Domestic or business?
What type of meter do you have?
Number of units used:
Your gas usage in kWh:
When checking your energy bills, or doing a energy price comparison, you need to know how much energy you use.
In the UK, units of energy, whether gas or electricity, are priced in kilowatts hours (kWh).
Electricity meters measure units of electricity consumed in kilowatt hours (a measure of electrical energy). This is great because it means that you can simply pop the readings from your meter, or your energy bill / statement, directly into a energy comparison website like TheEnergyShop.com to check your best deals (or into a calculator if you are checking the accuracy of your electricity bills).
With gas however it is not so simple. That is because gas meters measure the volume of gas delivered to your meter (and not the energy content directly). This volume then needs to be converted into the equivalent kilowatt hours in order that a kWh price per unit can be applied to the energy used for the purpose of generating the bill (or quote).
A further complication is that not all meters measure volume in the same units.
When it comes to comparing gas prices and measuring gas volumes, there are basically 2 types of gas meter in the UK - imperial and metric.
Metric gas meters were introduced from 1995 and all new gas meters are metric. They measure gas volume in cubic meters (m 3). An example of a metric gas meter is shown below. Metric gas meters will display the units M3 next to the reading on the meter.
Luckily, these are being phased out and, with the move to smart metering, should all be gone by 2020. However, a significant number are still in existence. These meters measures volume in cubic feet (ft 3). They have the words "cubic feet" or the letters ft 3 shown on the front of the meter, and will typically have revolving dials showing the reading.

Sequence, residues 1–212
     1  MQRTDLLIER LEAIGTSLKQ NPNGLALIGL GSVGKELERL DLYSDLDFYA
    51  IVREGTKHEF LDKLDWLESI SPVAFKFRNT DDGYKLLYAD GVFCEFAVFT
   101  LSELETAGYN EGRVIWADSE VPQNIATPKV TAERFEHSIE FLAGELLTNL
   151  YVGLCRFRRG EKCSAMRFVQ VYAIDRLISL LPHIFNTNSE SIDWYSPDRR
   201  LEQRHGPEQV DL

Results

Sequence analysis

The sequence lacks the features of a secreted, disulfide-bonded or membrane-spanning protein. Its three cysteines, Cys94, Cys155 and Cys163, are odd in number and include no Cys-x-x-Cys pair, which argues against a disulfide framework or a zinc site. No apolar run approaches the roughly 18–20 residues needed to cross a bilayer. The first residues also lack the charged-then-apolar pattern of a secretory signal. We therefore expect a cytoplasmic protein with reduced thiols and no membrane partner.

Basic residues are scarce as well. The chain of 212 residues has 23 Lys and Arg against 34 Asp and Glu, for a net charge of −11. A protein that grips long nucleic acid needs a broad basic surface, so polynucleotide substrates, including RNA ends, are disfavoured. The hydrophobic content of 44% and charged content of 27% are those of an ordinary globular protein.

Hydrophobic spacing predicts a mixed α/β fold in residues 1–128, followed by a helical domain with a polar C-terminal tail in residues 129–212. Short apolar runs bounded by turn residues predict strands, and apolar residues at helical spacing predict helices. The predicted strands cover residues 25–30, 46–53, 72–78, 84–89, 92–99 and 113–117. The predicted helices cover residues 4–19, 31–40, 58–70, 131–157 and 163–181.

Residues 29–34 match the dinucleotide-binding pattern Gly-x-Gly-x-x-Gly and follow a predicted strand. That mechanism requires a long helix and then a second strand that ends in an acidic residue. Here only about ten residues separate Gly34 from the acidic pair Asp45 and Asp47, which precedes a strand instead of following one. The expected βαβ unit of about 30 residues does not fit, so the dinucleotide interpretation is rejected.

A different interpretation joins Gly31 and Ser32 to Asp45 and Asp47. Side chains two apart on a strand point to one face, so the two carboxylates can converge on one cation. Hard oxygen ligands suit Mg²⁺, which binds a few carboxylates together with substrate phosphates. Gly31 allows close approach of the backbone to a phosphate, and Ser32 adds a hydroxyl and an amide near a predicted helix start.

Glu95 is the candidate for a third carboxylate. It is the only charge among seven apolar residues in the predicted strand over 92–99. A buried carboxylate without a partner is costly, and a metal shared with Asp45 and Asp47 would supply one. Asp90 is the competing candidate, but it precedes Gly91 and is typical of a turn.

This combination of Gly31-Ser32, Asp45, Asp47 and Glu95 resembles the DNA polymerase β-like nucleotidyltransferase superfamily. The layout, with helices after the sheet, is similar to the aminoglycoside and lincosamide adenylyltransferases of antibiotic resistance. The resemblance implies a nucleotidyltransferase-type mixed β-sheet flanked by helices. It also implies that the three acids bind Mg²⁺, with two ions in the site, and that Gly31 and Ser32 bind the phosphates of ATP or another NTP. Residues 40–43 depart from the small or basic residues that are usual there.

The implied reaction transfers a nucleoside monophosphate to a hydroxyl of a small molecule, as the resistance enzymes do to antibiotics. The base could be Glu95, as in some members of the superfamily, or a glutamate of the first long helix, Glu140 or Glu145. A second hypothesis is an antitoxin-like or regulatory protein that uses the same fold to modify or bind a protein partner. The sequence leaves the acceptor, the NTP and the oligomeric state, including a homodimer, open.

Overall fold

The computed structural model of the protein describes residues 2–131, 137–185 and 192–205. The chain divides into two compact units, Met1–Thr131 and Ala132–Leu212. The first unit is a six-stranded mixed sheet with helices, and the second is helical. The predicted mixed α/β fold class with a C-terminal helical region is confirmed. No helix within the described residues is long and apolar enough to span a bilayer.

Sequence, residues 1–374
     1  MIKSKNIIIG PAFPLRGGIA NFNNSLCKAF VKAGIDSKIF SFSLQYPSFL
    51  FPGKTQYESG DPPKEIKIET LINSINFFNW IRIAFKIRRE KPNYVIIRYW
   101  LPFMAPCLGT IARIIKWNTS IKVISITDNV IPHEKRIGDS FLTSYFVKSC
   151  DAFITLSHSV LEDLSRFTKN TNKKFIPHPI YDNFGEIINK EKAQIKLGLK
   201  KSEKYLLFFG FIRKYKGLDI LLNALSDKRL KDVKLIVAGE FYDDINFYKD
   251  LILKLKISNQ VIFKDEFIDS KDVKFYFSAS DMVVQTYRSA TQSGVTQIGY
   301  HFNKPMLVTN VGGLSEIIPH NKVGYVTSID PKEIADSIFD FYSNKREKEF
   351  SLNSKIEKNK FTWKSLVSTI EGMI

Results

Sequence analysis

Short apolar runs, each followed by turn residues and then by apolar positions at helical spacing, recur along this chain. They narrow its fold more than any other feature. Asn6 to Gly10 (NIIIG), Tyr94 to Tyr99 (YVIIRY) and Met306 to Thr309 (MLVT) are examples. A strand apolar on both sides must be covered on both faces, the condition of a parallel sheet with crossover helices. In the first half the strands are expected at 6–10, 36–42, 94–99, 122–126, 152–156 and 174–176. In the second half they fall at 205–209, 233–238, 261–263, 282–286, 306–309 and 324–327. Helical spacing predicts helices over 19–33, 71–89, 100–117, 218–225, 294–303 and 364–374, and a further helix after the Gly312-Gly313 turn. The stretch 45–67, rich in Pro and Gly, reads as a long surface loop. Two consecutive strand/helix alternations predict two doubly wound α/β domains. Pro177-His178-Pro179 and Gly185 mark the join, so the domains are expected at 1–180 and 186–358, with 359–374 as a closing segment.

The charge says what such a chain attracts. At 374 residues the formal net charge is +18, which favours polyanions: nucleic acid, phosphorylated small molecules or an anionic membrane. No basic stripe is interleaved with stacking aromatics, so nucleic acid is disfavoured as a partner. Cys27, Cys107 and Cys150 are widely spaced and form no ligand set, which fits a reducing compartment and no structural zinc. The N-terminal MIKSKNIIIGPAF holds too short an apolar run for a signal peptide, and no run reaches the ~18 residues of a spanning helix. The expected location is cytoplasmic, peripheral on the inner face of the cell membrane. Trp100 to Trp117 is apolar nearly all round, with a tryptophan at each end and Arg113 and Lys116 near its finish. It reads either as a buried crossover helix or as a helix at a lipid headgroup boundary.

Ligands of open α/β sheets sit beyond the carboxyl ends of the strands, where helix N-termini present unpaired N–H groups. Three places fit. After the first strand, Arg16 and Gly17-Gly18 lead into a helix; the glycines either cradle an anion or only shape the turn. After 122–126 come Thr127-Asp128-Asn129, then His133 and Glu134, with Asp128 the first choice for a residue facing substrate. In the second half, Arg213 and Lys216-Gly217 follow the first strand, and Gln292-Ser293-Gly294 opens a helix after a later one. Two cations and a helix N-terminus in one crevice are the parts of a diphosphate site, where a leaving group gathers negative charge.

Once you've identified the type of meter you have and taken a reading, follow the steps below to convert from gas units into kilowatt hours (kWh).
In this part we will take you through the conversion in stages detailing why each step is necessary. If you are not too fussed about the detail, then just scroll to the bottom of the page where we have simplified it significantly.
The detail of how the gas calculations need to be done are detailed in a piece of legislation called the The Gas (Calculation of Thermal Energy) Regulations 1996. If you really want to, you can read it here.
Take a meter reading.
Not required if you are taking a reading from a gas bill.
Subtract the new meter reading from the previous reading to work out the volume of gas used.
This step only applies to imperial meters.
Convert from cubic feet to cubic meters.
Cubic feet and cubic meter are both measures of volume. However, since we will ultimately be expressing units in metric form we need to get the units into metric form.
1 cubic foot = 0.0283 cubic meters so multiply cubic feet by 0.0283.
As we know from GSCE Physics (or is it Chemistry?) (Boyle's Law) the volume of a gas is dependent upon pressure and temperature and these vary from location to location. Therefore the volume of gas measured at the meter is adjusted by multiplying by a correction factor to take account of the temperature and atmospheric conditions at a particular site. That correction factor is typically 1.02264 unless your property has unusual atmospheric conditions. The correction factor used will be shown on your gas bill.
Now that we have a corrected volume in metric terms we can begin the conversion from volume to thermal energy. The first step used is to convert the volume into a calorific value.
Calorific Value (CV) is a measure of the heating power of the gas and depends upon the composition of the gas (all gas is not the same). The CV refers to the amount of energy released when a given volume of gas is completely combusted under specified conditions. The CV of the gas is measured at standard conditions of temperature and pressure and is usually quoted in Megajoules per cubic metre (MJ/m 3). In the National Grid the CV ranges from 37.5 to 43.0 MJ/ 3. Not all gas has the same CV so National Grid measures it across 110 different locations across the UK and passes it to energy suppliers for billing purposes. For the purposes of this calculation an average value of 40 will give you an accurate result but check your bill to see if a different number has been used.
If you'd like to learn more about calorific values you can find information here.
The final step is to take thermal energy measured in Mega joules per cubic metre (MJ/m 3) and convert it into kilowatts per hour.
1 Watt is a derived unit of power defined as 1 Joule per second.
1 W = 1 J/s
1 Ws = 1 J
1 kWh = 1 * 1000 * 60 * 60 J
1 kWh = 3.6 MJ
So the final step is to divide by 3.6 to convert MJ into kWh
This is the easy bit without the detailed explanation.
The multiplication/division steps can be combined them into a single step. This simplification assumes that the volume correction factors and calorific values for your property are constant at 1.02264 and 40 respectively. This reduces the calculation as follows.